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‘Bray of Sunshine’ during dark times: Zen Donkey Farms juices light from lemons

DATE POSTED:April 2, 2020

Editor’s note: The following is part of Startland News’ ongoing coverage of the impact of Coronavirus (COVID-19) on Kansas City’s entrepreneur community, as well as how innovation is helping to drive a new normal in the ecosystem. Click here to follow related stories as they develop.

A few weeks ago, home delivery was just a quirky, throwback way for Zen Donkey Farms to reach customers in need of fresh juice — now, it’s a sudden necessity in the world of food and beverage, said Kate Barker. 

Zen Donkey Farms, photo courtesy of Anna Petrow

Zen Donkey Farms, photo courtesy of Anna Petrow

“I couldn’t be more grateful to be a delivery business right now,” added Barker, founder of Zen Donkey Farms — a Greenwood, Missouri-based health and wellness company, which specializes in organic juice.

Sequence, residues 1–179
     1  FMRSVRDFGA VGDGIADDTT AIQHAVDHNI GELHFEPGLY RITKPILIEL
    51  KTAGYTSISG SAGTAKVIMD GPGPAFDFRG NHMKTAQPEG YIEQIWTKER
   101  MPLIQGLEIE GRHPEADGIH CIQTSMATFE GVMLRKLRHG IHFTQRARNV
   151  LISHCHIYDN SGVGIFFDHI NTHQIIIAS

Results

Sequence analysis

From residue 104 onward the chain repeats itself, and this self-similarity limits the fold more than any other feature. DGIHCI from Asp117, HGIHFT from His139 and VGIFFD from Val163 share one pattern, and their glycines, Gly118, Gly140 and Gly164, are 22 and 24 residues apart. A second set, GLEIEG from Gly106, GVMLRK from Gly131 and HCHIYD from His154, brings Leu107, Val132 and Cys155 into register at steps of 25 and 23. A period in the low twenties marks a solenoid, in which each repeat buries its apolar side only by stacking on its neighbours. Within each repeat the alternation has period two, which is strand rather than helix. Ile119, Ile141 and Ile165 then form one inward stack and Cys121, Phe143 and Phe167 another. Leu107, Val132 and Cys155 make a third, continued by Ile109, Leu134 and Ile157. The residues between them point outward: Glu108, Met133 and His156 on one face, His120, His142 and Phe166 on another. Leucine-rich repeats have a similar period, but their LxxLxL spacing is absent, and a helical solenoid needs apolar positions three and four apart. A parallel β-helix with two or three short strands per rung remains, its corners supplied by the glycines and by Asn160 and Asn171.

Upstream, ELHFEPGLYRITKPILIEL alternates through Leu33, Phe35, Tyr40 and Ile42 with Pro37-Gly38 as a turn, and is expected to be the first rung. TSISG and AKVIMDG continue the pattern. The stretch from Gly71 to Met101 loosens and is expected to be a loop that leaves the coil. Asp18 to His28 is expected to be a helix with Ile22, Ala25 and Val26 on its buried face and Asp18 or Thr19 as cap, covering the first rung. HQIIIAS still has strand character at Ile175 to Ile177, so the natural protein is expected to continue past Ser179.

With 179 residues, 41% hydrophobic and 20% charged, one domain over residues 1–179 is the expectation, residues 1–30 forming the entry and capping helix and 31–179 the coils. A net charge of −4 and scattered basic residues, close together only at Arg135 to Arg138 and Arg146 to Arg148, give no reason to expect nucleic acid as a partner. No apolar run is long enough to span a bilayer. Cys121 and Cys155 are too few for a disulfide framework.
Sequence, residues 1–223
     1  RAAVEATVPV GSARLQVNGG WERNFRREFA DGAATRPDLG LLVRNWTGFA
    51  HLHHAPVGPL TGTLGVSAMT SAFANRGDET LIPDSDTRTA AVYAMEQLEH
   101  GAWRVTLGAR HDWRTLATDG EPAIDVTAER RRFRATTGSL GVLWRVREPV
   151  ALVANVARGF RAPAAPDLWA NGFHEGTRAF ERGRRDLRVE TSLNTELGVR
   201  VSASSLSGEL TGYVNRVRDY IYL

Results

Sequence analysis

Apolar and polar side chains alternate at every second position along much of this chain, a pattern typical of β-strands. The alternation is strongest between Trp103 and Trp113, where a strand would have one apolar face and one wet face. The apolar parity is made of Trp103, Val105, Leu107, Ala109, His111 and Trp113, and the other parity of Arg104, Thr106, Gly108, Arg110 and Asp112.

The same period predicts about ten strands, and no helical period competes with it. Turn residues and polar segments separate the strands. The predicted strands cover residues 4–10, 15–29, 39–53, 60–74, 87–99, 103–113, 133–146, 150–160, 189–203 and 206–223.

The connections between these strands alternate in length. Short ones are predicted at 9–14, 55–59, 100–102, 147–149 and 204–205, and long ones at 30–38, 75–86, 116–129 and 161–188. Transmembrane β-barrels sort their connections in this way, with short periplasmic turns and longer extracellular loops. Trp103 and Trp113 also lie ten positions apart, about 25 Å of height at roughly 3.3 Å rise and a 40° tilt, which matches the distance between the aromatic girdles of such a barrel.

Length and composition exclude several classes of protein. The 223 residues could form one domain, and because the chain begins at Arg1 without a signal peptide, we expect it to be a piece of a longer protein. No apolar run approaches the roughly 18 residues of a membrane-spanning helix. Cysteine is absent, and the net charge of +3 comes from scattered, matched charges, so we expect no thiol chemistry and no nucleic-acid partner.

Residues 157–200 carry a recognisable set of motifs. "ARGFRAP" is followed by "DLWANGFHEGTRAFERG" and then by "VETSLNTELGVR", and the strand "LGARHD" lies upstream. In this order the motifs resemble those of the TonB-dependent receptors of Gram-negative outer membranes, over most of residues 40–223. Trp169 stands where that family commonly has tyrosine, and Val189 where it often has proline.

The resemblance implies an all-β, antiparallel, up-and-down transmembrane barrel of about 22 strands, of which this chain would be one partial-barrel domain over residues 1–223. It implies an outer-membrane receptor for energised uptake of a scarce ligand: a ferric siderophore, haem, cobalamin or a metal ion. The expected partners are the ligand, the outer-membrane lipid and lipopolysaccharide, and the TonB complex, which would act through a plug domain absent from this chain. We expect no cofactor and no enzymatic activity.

As Coronavirus (COVID-19) stifles small businesses across Kansas City, the distribution model puts Zen Donkey Farms in a unique position for growth, as more people turn to online ordering and seek out products that are good for them, Barker explained. 

“[We’re] working around the clock to make healthy, nourishing juice for the community. … People need it now more than ever,” she said, noting the company’s seen an uptick in sales of its juices — which include such blends as Wild Burro, Bray of Sunshine, and Greener Pastures — since the onslaught of the world health crisis nearly a month ago. 

Click here to shop Zen Donkey Farms juices — which are delivered straight to customers’ doors in reusable, glass bottles. 

“I think there’s this new-found hope in the ability of the body to heal itself. But in order to do that, you need to feed it the right things and build your immune system,” Barker said. “It’s just really awesome, [to provide this product] at a time like this when there’s so much darkness going on. There’s a lot of light here for sure.”

A boost for the healers

Such an air of positivity deserves to be shared with the city’s most vulnerable — medical workers fighting COVID-19, she said.